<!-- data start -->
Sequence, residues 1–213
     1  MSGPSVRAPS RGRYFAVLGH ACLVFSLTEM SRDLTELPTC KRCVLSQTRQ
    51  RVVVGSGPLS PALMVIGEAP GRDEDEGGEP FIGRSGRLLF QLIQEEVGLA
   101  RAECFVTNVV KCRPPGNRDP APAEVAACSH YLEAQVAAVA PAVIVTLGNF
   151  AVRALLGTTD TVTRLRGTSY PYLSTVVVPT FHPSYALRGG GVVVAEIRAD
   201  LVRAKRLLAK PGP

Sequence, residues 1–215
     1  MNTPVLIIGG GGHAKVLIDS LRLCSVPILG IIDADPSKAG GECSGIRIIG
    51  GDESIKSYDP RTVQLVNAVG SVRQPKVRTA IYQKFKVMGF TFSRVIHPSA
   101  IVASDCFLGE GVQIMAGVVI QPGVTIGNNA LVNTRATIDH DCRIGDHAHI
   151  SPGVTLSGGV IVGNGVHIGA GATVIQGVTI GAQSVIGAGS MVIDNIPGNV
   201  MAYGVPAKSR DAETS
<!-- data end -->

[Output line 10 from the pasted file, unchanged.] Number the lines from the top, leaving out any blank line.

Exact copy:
   101  IVASDCFLGE GVQIMAGVVI QPGVTIGNNA LVNTRATIDH DCRIGDHAHI